Sunday Reflection – Palm Sunday, April 2, 2023


Jesus enters Jerusalem

Matthew 21 When Jesus and his disciples came near Jerusalem, he went to Bethphage on the Mount of Olives and sent two of them on ahead. He told them, “Go into the next village, where you will at once find a donkey and her colt. Untie the two donkeys and bring them to me. If anyone asks why you are doing this, just say, ‘The Lord needs them.’ He will at once let you have the donkeys.”

So God’s promise came true, just as the prophet had said,

“Announce to the people
    of Jerusalem:
‘Your king is coming to you!
He is humble
    and rides on a donkey.
He comes on the colt
    of a donkey.’ ”

The disciples left and did what Jesus had told them to do. They brought the donkey and its colt and laid some clothes on their backs. Then Jesus got on.

Many people spread clothes in the road, while others put down branches which they had cut from trees.  Some people walked ahead of Jesus and others followed behind. They were all shouting,

“Hooray for the Son of David!
God bless the one who comes
    in the name of the Lord.
Hooray for God
    in heaven above!”

10 When Jesus came to Jerusalem, everyone in the city was excited and asked, “Who can this be?”

11 The crowds answered, “This is Jesus, the prophet from Nazareth in Galilee.”

Performed by Margaret Whisselle

Kids Korner: Hosanna, loud hosannas (Palm Sunday, April 2nd)

Read Matthew 21:1-11 with your family.

Jesus entry into Jerusalem was a celebration and is one of the few places in the Bible where children are active in supporting Jesus.

The word Hosanna means “please help us”. The children in Jerusalem knew the Romans guards were not nice people, and they believed Jesus would get rid of them so that everyone could live in safety and peace. It didn’t work out the way the children and adults around them thought it would, but we can still celebrate Palm Sunday for being a celebration of hope and promise.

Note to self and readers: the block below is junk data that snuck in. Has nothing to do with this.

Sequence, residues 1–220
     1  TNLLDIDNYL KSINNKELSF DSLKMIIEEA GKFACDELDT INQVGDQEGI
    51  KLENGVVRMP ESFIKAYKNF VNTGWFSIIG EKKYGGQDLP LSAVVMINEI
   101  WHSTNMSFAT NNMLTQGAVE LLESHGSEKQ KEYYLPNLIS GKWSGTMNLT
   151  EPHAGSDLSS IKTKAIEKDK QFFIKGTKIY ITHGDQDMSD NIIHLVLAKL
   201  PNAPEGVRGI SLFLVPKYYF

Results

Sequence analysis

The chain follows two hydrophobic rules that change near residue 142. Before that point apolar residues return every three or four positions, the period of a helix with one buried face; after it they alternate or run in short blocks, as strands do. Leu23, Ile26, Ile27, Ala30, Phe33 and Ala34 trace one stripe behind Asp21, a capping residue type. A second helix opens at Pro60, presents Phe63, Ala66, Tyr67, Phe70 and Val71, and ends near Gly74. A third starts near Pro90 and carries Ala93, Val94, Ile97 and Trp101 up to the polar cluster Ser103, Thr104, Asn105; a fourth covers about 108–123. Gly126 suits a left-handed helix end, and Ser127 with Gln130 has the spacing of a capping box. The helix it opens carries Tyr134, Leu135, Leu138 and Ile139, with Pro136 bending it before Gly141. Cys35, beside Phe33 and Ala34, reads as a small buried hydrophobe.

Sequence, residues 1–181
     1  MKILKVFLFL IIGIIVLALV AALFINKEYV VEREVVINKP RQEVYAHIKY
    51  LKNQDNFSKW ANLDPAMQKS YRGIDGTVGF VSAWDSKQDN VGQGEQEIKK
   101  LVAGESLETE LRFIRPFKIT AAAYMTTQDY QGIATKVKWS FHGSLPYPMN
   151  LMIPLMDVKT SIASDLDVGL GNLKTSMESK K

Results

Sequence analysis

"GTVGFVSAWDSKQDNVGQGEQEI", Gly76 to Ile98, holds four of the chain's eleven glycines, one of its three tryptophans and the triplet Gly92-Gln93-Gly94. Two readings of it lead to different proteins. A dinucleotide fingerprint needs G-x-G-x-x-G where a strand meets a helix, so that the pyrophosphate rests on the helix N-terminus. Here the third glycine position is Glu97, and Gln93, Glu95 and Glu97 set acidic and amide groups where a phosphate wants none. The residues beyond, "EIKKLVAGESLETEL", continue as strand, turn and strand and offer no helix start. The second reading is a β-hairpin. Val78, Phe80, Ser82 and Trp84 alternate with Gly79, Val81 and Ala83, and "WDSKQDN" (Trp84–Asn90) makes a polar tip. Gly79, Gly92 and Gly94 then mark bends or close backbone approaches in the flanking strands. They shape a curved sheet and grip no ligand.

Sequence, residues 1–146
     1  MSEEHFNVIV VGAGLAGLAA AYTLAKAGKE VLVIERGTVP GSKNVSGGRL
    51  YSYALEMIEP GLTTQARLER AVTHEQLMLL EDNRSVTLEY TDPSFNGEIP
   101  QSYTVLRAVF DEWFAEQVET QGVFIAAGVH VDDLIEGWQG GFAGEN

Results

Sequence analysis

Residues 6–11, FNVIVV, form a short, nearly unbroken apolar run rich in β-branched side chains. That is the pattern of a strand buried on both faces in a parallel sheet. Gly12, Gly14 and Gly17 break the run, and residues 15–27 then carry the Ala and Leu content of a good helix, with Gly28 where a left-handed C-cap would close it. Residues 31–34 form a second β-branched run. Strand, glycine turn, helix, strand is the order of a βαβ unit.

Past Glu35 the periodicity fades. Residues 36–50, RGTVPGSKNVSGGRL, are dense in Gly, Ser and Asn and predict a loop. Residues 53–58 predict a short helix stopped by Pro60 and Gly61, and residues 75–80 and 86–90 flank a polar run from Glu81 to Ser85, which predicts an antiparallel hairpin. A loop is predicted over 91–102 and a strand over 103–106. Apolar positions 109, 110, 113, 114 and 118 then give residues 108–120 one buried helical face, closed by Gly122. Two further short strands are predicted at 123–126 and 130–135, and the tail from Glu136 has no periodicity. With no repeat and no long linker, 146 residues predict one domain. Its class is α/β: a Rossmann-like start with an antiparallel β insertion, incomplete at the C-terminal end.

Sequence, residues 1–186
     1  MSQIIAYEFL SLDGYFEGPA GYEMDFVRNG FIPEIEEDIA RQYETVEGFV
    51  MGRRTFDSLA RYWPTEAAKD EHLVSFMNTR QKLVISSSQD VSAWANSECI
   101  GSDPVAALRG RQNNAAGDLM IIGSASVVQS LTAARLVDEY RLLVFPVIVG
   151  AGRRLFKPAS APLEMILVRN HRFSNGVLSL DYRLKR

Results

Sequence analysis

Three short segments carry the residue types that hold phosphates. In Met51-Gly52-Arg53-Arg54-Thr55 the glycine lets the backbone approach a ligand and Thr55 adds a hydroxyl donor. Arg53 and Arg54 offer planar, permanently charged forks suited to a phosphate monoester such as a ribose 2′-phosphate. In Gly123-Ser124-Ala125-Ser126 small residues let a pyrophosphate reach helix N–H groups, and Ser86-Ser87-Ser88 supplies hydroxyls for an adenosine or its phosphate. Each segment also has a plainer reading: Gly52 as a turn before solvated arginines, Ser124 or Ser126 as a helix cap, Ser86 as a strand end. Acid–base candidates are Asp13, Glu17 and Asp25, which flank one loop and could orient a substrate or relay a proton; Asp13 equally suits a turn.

Wave branches high, parade around your home and outside, jump on and off the furniture (if you are allowed) and yell “Hosanna”.

Sunday Reflection, Palm Sunday – April 10, 2022


Jesus Enters Jerusalem

Luke 19 28 When Jesus had finished saying all this, he went on toward Jerusalem. 29 As he was getting near Bethphage and Bethany on the Mount of Olives, he sent two of his disciples on ahead. 30 He told them, “Go into the next village, where you will find a young donkey that has never been ridden. Untie the donkey and bring it here. 31 If anyone asks why you are doing this, just say, ‘The Lord needs it.’ ”

32 They went off and found everything just as Jesus had said. 33 While they were untying the donkey, its owners asked, “Why are you doing that?”

34 They answered, “The Lord needs it.”

35 Then they led the donkey to Jesus. They put some of their clothes on its back and helped Jesus get on. 36 And as he rode along, the people spread clothes on the road in front of him. 37 When Jesus started down the Mount of Olives, his large crowd of disciples were happy and praised God because of all the miracles they had seen. 38  They shouted,

“Blessed is the king who comes
    in the name of the Lord!
Peace in heaven
    and glory to God.”

39 Some Pharisees in the crowd said to Jesus, “Teacher, make your disciples stop shouting!”

40 But Jesus answered, “If they keep quiet, these stones will start shouting.”

Performed by Margaret Whisselle

Kids Korner: Palm Sunday (April 10th)

Read Luke 19:28-40 with your family.

Sometimes we have to think about Jesus in opposites, and this story is a good place to start: Everyone was expecting Jesus to enter Jerusalem as a mighty king, Jesus really came as someone humble and did not claim earthy power. A king would enter the city on a horse, Jesus went into Jerusalem on a donkey. A king would have a huge group travelling with him including soldiers, people carrying banners, and maybe musicians, Jesus came into Jerusalem with only some friends and local people with children, carrying palm branches and singing while they danced on the street beside him.

There are a lot of people in the church who keep expecting Jesus to be a King, and have all the fanfare and pageantry around him that humans think is important for Christ the King: parades, banners, guards, people crowding the streets but never allowed to be close. Jesus shows us that he was the opposite of all of that. He wanted people close, especially children. Jesus did not want people treating him like he was a king.

As we follow Jesus we have to remember to always push aside the things our world values, like money and power, and do the things that Jesus values, like helping others and spending time together.